ZAINAB, daughter of Ali (a.s.)
This article is about the family of the Holy Prophet (pbuh). It explains the sufferings, pain and grief born by women and children during Karbala and afterwards.
The article briefly unfolds the events that occurred mostly in Kufa and Damascus following the martyrdom of Imam Al-Husain (a.s.), seventeen of his family members, and his companions on 10th Muharram, Hijrah 61 in Karbala. The survivors included Imam Zainul Abideen (a.s.), Sayyedah Zainab (a.s.), women of the martyrs, and children including Al-Baaqir.
In Karbala, the bereft survivors (first Sham-e-Ghariban) agonized with frightful circumstances of terrible treatment, whereas Yazid’s army spent the evening jubilantly celebrating what they perceived their victory. Most of the tents of Al-Husain’s camp were filled with heart rending cries of agony over the losses of the loved ones. For hardly had the evening progressed than Yazid’s soldiers entered the tents and looted the occupants. They snatched away women’s hijab and jewelry. After having had set their tents on fire, they took everyone (including the ailing Imam Zainul Abideen) as captives.
The captives were treated quite harshly. They were placed on bare back camels, and put through a long exhaustive journey from Kufa to Damascus (a distance of about 700 miles). During the journey, the women were without their head-covers, while ahead of them the captors were carrying the severed heads of Al-Husain and others hoisted atop spears. The Muslim Ummah of Syria also joined the army in celebration, not knowing they were witnessing the family of the Prophet so desecrated. Yazid’s atrocious rule had prevailed over the Ummah through the power of their media and means of communication.
This article narrates the sufferings of Zainab in captivity, and deals with her remarkable leadership, patience, and perseverance, as well as her eloquent speeches delivered in Kufa and Damascus. Through her speeches she succeeded in exposing the infamy of Yazid’s notorious rule. Through her speeches she brought alive the high status of the family of the Prophet, and their struggle against the forces of evil, thus waking up the Ummah to its senses. This article addresses the circumstances that led to the captives’ freedom and their return journey to Karbala and Medina, where large numbers of people joined them in their grief and mourning.
After learning the truth, the people of Medina hailed Imam Al-Husain as a savior of Islam, and Zainab as a savior of the Ummah. In the end, the article highlights several Muslim groups expressing fury over the Karbala massacre, stood up to punish Yazid for his criminal acts. Imam Zainul Abideen showed his wisdom and far sightedness by opting to stay aloof of the groups. However, he did not hesitate to quietly bless Mukhtar al-Thaqafi for his vow to avenge the Karbala perpetrators. The article briefly mentions who Mukhtar was, and how did he accomplish his difficult mission.
Zainab’s Life History:
Zainab, the daughter of Imam Ali and Fatima al-Zahra, was born in Medina on Shaban 1, Hijrah 6. She had two older brothers, Al-Hasan and Al-Husain. One younger sister Umm Kulthoom was born about two years later.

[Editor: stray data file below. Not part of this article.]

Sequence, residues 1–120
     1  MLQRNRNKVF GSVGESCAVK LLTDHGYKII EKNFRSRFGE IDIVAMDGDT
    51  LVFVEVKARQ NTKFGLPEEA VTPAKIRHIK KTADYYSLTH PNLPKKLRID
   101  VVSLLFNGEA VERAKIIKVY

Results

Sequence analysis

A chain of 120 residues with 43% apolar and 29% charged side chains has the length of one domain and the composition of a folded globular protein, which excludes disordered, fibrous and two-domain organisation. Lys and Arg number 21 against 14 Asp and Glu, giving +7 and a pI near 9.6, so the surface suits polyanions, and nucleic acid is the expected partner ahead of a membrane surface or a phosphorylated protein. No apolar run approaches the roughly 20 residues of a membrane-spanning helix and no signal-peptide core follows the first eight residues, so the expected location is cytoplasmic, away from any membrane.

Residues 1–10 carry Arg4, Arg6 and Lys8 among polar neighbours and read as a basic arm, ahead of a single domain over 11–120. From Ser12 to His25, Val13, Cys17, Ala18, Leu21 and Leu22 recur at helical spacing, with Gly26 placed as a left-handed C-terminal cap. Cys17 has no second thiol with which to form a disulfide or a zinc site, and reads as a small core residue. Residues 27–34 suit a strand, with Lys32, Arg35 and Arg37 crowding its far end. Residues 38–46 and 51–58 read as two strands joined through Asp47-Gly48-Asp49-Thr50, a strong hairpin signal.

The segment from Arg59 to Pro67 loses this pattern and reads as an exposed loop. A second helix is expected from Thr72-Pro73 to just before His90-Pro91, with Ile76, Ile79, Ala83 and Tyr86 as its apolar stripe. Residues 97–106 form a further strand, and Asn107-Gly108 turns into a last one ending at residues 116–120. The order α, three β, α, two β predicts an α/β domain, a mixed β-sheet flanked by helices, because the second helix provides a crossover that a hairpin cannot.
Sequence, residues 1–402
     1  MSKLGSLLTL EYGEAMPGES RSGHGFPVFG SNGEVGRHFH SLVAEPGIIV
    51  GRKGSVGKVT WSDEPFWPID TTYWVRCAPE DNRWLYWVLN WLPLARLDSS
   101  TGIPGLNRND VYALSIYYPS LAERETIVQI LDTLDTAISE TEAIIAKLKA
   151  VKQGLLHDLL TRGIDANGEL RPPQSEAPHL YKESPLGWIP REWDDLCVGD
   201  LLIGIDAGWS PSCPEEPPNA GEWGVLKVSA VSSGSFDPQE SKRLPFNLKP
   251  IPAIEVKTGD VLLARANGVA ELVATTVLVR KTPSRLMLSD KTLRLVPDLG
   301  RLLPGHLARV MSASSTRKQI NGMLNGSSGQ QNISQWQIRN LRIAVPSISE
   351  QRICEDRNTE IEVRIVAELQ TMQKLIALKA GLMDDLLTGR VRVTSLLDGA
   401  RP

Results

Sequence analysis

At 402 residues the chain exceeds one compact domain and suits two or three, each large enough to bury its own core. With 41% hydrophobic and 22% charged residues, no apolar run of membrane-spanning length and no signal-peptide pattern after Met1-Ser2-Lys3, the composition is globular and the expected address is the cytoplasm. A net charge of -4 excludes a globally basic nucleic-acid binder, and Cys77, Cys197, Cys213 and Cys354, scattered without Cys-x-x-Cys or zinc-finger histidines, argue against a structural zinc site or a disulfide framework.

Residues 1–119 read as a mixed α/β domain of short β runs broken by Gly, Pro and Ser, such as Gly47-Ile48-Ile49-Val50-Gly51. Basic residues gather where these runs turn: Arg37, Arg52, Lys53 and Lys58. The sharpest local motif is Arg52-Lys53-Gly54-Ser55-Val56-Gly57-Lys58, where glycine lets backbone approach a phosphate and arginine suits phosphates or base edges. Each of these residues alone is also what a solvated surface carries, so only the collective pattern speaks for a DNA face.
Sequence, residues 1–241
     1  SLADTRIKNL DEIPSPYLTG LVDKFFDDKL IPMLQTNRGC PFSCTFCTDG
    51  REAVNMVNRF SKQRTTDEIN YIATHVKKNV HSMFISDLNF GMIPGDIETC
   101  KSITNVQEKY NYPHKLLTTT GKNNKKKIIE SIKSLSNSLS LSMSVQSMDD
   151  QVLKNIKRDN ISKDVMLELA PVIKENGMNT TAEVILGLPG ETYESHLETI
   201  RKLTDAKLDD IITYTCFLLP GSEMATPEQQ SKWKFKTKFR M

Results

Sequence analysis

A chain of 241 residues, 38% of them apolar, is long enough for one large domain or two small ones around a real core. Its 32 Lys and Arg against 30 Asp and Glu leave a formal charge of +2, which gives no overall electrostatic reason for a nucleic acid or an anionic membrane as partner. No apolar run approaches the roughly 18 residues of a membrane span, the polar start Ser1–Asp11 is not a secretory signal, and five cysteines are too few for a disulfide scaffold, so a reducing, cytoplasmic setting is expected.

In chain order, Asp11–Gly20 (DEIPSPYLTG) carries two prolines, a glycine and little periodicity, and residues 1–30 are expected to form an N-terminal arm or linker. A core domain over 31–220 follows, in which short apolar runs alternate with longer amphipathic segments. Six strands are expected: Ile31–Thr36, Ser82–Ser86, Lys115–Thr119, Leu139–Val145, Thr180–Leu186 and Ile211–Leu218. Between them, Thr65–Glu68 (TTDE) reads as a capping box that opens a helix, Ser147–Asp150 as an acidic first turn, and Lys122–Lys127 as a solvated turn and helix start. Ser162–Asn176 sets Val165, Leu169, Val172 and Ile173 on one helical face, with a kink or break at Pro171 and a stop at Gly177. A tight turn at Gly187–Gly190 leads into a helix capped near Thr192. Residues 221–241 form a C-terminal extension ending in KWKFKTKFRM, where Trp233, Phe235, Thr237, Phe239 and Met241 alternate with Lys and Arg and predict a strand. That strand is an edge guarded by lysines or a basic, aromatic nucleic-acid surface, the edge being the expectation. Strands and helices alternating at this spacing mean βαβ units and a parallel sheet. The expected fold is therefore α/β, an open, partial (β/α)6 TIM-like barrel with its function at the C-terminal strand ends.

From an early age, Zainab became very attached to her brother Al-Husain. One day Fatima Al-Zahra described the intense love of (Zainab to Al-Husain), to her father the Prophet (pbuh). The Holy Prophet took a deep breath, his complexion changed, and said with moistened eyes, “O Fatima! Zainab will be confronted with a thousand and one calamities, and will go through great hardships in Karbala.”
Zainab loved her grandfather the Prophet dearly. When the Holy Prophet passed away she was only four years old. After her grandfather’s death, Zainab faced a period of more distress and hardship. Within a few months, her mother Fatima, delivered the Fadak sermon in Medina, and Zainab was by her side. At the time she was 5 years old, yet she remembered the sermon in its entirety. She narrated the sermon word by word so clearly that the people of Banu Hashim remembered it by heart.
It wasn’t too long before her beloved mother Fatima Al-Zahra passed away. Her mother’s death was felt acutely and made Zainab very lonely. After some time, Imam Ali, considering the loneliness of the children, decided to marry again. He married Umm al-Baneen, to take care of the family. She was a devoted woman of piety who encouraged Zainab in her learning of Quran. While still a young girl, Zainab was known for helping others who were poor, homeless, or orphans.
Zainab was married at an early age to her cousin Abdullah Ibn Ja’far. Abdullah grew up to be a handsome young man with pleasant manners and was known for his generous hospitality towards guests and selfless generosity to the poor and needy. Although Zainab’s husband was a man of means, she preferred to live a modest life rather than a life of luxury.
Zainab who was also known as Zainab bint Ali, was an exemplary woman of great ability, intelligence, courage, and perseverance. She and her husband were always charitable to the needy people. Abdullah and Zainab had deep love and understanding for each other. Abdullah always praised his wife saying she was the very best. Together they had five children, four of whom were sons (Ali, Aun, Muhammad, and Abbas) and one of which was a daughter (Umm Kulthoom).
Zainab was also nicknamed Zahidah (ascetic الزاهده) and Abidah (devotee العابده) because of her selflessness and piety. She found little of interest in the glitter of the world, always preferring the bliss and comfort of the Next World over that of this world. She used to say that for her, the life of this world was not but as a resting place to relieve fatigue along a journey. Humble and of high morals, her main concern was to strive to please Allah (swt).
When Imam Ali (a.s.) moved to Kufa as the Khalifa, Zainab and her husband Abdullah also went to Kufa to live with him. The respected women of Kufa requested Imam Ali through their husbands to allow them to benefit from the knowledge of Zainab. Imam Ali complied with their requests and the interested women learned from Zainab the expounding wisdom of the Holy Quran. Her circles of discussion, being previously in Medina or now in Kufa, were quite popular. They were well attended, and eagerly sought after, and the discussions included many subjects. Her store of Islamic knowledge was vast, and she was generous to confer it to others.